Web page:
Electric vehicles (EVs) seem poised to revolutionize both transportation and electric power, but how widely will their benefits be shared across society? Although automakers have been rolling out more affordable models, EVs have tended to be luxury items that are out of reach of most consumers. In addition, the costs of transitioning the grid and road infrastructure to EVs may fall hardest on these same customers who can least afford EVs.
To help ensure that policies to manage the transition toward EVs are fair and consumer-friendly, the Citizens Utility Board of Michigan has released a report, The ABCs of Michigan EVs: A Policy Guide To Electrify Michigan. The report is one of a series being produced by the other Citizens Utility Boards in the Midwest, representing Illinois, Minnesota, Wisconsin and Ohio.
This initiative from the CUBs could not come at a more relevant time. The recently-passed federal infrastructure bill will invest $7.5 billion into EV-related projects around the country, and about $110 million of that is for Michigan specifically, with opportunities for the state to apply for grants from $2.5 billion in funding for EV charging.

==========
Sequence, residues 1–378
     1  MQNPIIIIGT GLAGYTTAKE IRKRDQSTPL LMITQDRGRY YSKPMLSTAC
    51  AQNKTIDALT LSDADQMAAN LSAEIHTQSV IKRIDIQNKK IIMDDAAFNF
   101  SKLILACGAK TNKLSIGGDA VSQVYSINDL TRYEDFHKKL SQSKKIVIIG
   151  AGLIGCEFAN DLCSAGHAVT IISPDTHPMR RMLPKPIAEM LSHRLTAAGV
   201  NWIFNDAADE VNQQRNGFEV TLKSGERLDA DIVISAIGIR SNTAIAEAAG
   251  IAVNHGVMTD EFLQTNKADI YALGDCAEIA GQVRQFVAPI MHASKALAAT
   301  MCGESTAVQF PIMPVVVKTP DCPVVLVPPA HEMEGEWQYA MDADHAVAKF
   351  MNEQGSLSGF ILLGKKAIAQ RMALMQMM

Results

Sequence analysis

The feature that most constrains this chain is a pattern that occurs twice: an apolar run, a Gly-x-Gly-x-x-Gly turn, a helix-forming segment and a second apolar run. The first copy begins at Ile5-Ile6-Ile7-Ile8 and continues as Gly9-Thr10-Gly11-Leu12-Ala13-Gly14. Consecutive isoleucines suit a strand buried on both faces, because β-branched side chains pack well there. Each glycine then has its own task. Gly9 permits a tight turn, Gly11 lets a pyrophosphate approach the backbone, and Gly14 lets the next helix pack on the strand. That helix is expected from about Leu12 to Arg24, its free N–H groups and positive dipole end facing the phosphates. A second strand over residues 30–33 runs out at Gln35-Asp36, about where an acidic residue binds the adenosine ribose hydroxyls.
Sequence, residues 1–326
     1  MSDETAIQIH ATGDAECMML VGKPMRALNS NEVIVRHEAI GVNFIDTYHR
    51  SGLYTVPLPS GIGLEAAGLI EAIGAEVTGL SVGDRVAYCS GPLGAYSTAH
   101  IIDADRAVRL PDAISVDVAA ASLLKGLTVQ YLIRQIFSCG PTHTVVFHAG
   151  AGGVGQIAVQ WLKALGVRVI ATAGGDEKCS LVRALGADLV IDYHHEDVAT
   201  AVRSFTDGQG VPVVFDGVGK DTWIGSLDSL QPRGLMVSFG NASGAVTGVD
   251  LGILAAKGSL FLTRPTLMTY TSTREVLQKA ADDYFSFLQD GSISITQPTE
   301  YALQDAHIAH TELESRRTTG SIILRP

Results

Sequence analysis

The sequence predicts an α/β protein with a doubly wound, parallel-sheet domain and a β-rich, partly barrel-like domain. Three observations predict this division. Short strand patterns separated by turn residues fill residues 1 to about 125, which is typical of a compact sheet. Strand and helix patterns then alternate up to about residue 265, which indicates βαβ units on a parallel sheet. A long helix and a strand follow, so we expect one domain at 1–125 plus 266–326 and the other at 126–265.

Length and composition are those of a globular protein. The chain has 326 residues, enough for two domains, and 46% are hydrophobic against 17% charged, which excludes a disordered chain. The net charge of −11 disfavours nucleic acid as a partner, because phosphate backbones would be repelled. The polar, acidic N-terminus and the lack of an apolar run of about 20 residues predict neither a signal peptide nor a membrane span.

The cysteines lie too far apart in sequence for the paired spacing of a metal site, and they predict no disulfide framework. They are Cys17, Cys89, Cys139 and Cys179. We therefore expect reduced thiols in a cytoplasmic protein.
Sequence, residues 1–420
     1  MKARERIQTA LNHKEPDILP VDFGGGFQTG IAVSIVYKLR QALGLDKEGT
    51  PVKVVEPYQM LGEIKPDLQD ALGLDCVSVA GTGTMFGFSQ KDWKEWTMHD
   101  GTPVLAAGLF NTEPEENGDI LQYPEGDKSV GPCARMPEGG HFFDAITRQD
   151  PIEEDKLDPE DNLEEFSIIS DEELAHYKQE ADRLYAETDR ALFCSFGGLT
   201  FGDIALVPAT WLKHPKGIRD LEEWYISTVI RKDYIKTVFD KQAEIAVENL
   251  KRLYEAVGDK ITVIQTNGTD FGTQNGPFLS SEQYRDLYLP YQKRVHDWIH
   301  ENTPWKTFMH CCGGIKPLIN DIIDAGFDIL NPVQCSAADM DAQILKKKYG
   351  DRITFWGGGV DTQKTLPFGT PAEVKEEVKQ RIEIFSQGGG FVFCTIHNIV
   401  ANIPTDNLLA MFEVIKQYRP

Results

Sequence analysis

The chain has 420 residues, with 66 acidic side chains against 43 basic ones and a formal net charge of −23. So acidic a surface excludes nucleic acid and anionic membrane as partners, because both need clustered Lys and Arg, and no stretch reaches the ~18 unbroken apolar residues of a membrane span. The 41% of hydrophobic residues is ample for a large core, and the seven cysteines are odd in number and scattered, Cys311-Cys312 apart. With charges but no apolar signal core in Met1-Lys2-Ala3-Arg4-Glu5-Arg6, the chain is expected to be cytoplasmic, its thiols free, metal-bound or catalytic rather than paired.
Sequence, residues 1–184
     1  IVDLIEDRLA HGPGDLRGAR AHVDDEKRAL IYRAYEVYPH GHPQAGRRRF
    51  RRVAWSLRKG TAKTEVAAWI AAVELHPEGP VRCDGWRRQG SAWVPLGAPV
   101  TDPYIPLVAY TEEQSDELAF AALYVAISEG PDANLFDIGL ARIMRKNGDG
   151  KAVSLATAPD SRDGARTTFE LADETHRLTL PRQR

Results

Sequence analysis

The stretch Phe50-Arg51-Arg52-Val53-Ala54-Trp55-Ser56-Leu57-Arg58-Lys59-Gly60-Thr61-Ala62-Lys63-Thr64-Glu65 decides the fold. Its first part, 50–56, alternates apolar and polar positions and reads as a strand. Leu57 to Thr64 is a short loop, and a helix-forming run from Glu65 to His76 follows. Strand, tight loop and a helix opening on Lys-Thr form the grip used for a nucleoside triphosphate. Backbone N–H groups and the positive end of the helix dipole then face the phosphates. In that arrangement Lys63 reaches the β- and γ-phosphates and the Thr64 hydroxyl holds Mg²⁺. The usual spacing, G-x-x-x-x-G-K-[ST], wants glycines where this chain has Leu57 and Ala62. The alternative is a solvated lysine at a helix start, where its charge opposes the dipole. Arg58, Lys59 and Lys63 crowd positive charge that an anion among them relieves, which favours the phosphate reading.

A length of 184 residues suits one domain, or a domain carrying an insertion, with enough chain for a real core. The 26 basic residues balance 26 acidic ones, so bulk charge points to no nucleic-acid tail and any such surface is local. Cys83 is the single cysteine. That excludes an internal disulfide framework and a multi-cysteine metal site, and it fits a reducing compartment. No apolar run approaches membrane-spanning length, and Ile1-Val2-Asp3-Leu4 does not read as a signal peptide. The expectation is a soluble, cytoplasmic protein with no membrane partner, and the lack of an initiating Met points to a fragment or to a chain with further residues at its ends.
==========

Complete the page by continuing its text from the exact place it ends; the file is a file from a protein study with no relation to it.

But as Gov. Whitmer releases her plan for coordinating this federal support, policy makers need to make sure that the benefits of this investment will be equitably shared with residential ratepayers. That is where this report comes in.
The Michigan edition looks at how the state’s policy makers can build on the work already done by Gov. Whitmer’s Council on Future Mobility and Electrification to plan for the rise of EVs.
Recommendations in the report include:
Utilities and regulators should develop managing-charging pilots, including Direct Load Control programs that:
- respond to local system conditions.
- manage critical peak periods.
- aggregate EV load as a Demand Response resource.
- maximize renewable energy utilization.
Utilities should automatically enroll all EVs in EV-only time-of-use (TOU) rates that have:
- No separate meter required.
- No extra monthly fees beyond the cost of service.
- EV usage/charges listed separately on a single
- household bill.
- Price differentials that offer meaningful savings
- between periods.
State and local governments should, where personal EVs are unlikely to proliferate, take steps like:
- deploy e-buses and other initiatives, such as low-cost EV car-sharing where residents have low or moderate incomes.
- make EV charging available at multi-unit buildings and for drivers without access to a garage or permanent parking space.